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01.12.2011 | Case report | Ausgabe 1/2011 Open Access

Journal of Medical Case Reports 1/2011

Congenital hepatic fibrosis leading to cirrhosis and hepatocellular carcinoma: a case report

Journal of Medical Case Reports > Ausgabe 1/2011
Mohammad Reza Ghadir, Mohammad Bagheri, Amir Hossein Ghanooni
Wichtige Hinweise

Electronic supplementary material

The online version of this article (doi:10.​1186/​1752-1947-5-160) contains supplementary material, which is available to authorized users.

Competing interests

The authors declare that they have no competing interests.

Authors' contributions

MRG had the initial idea for this work and was responsible for writing the manuscript. AHG handled the patient data acquisition and the literature research. MB contributed to the editing of the manuscript. MRG was responsible for creating the figure files. MRG contributed to the editing and writing of the manuscript. All authors read and approved the final version of the manuscript.
alpha fetoprotein
congenital hepatic fibrosis
computed tomography
hepatocellolar carcinoma.


Congenital hepatic fibrosis (CHF) is an uncommon cause of portal hypertension. Despite the presence of portal hypertension, hepatocellular and renal function are usually well preserved. CHF is included in the group of congenital diseases of fibropolycystic disorders. These include a broad spectrum of clinical diseases which are usually accompanied by hepatic involvement.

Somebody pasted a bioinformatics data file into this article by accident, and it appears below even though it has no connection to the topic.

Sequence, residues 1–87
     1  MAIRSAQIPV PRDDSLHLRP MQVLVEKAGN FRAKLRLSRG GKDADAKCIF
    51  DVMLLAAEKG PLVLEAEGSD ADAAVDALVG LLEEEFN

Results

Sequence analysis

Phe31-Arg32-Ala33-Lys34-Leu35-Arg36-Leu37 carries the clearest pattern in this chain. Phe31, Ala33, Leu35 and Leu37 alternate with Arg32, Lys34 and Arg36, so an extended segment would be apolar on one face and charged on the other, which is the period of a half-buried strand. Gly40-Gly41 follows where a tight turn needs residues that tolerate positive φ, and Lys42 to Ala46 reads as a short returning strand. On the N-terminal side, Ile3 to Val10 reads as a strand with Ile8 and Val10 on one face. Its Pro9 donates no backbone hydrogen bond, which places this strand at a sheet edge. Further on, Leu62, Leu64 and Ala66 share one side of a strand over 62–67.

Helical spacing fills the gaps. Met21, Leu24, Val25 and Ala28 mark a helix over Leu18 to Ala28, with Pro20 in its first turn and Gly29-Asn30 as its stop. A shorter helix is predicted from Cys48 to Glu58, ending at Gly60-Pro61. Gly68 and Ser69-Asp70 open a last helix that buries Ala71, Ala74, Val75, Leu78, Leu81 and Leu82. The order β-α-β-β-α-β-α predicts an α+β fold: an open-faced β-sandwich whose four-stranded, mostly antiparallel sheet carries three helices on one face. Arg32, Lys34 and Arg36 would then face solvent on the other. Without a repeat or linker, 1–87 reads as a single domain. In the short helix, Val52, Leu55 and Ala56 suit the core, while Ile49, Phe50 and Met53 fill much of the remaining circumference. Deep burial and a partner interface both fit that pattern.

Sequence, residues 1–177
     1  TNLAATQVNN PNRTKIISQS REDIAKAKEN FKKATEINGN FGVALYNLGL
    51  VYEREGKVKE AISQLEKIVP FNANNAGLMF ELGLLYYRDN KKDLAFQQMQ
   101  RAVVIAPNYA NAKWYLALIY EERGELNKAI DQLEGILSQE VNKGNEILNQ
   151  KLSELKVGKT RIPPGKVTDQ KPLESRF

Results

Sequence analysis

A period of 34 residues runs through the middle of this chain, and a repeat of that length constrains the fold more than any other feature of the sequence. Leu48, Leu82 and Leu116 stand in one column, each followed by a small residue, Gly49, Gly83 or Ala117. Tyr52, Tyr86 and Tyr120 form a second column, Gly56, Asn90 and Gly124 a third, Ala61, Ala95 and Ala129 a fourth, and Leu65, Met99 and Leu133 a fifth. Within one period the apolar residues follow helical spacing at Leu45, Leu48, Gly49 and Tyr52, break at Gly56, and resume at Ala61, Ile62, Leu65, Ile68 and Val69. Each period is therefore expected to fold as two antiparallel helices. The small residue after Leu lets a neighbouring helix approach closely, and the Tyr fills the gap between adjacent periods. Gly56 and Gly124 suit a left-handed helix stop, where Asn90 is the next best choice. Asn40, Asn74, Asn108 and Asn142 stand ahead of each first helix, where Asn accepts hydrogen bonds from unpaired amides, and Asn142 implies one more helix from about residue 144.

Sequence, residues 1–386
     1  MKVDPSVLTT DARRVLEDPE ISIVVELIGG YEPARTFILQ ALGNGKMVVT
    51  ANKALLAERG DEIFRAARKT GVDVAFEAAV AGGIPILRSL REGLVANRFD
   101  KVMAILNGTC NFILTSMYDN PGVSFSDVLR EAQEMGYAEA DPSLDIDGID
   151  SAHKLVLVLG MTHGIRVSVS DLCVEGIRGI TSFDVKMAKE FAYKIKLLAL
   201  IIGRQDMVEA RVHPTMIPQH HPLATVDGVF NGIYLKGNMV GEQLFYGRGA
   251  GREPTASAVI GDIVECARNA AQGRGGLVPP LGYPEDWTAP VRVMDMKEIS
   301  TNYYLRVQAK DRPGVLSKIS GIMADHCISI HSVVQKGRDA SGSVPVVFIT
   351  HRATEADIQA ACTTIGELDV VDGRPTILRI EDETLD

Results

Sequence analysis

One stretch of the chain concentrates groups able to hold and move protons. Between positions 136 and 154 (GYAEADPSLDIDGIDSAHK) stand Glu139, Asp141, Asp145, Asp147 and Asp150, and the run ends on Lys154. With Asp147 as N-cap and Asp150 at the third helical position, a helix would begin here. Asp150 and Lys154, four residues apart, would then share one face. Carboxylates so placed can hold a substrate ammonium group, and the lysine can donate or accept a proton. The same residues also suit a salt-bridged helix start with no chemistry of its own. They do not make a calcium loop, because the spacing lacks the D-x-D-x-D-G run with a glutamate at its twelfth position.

Hepatocellular carcinoma (HCC) is a rare complication of CHF with only a few previous cases reported. We report the case of a 27-year-old woman with CHF who developed cirrhosis and HCC. Advanced cirrhosis was diagnosed and our patient was scheduled for liver transplantation. During preparation for transplant, a hepatic mass was discovered which was proved to be HCC. Radiofrequency ablation was performed and our patient was referred for transplantation.

Case presentation

A 27-year-old Iranian woman was admitted to our hospital for evaluation of worsening hepatic function. She first came to medical attention at the age of 10 when hepatosplenomegaly was noted incidentally on a routine physical examination at another hospital, so she was admitted to undergo further examination. Her liver function was found to be within normal limits as was her renal function. Both her growth and development were normal for her age. However, hepatomegaly and splenomegaly were noted. A liver biopsy revealed proliferation of collagen fibers surrounding the portal area, a finding that was compatible with congenital hepatic fibrosis. Our patient had no history of hematemesis or tarry stool, but esophageal varices were detectable beginning at 10 years of age. Propranolol was started but she discontinued her medication after a couple of months despite medical advice.